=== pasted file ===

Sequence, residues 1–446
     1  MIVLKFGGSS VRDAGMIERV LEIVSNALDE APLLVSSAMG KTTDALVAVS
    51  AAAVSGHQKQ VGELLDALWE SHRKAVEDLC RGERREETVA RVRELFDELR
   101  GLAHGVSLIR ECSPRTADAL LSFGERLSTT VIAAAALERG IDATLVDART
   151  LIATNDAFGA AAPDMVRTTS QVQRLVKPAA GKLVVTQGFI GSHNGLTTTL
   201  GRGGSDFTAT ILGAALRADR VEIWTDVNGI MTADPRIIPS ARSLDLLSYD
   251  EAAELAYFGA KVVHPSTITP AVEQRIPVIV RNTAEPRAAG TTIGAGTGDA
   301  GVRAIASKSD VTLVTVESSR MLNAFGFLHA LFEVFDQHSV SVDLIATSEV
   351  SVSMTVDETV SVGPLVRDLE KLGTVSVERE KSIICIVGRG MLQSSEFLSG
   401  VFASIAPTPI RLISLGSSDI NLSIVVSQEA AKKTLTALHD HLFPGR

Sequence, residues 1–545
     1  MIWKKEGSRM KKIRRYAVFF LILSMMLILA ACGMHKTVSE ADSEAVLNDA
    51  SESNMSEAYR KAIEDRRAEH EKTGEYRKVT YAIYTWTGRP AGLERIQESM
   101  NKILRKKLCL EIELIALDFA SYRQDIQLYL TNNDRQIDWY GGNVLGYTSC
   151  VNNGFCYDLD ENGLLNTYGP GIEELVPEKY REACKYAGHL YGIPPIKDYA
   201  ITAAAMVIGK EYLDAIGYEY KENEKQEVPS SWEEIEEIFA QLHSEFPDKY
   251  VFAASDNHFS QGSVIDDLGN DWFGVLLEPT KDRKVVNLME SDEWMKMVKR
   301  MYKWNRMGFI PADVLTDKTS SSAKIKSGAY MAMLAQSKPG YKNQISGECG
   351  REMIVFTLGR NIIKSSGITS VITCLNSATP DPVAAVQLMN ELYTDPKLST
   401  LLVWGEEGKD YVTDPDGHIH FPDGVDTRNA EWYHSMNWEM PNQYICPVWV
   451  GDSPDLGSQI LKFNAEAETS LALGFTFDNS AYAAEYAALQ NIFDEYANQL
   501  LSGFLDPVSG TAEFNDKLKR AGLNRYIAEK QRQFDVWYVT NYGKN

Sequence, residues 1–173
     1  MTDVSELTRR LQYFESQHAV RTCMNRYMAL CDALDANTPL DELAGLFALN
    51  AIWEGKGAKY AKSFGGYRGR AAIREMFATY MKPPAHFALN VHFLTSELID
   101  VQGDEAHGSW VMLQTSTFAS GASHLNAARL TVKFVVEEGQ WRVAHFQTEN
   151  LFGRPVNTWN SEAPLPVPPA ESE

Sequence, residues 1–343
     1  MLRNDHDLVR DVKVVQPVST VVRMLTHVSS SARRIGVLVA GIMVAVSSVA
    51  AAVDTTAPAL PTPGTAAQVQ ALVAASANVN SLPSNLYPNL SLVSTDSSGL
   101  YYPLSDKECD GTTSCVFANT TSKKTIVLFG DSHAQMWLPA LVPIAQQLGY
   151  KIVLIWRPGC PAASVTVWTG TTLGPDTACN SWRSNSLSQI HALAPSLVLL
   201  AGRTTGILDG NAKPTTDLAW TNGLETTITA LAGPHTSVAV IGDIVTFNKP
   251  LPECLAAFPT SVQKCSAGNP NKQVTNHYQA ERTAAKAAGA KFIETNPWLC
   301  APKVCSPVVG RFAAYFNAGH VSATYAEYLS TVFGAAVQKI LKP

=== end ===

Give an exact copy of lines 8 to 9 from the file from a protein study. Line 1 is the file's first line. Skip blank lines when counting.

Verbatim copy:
   301  GVRAIASKSD VTLVTVESSR MLNAFGFLHA LFEVFDQHSV SVDLIATSEV
   351  SVSMTVDETV SVGPLVRDLE KLGTVSVERE KSIICIVGRG MLQSSEFLSG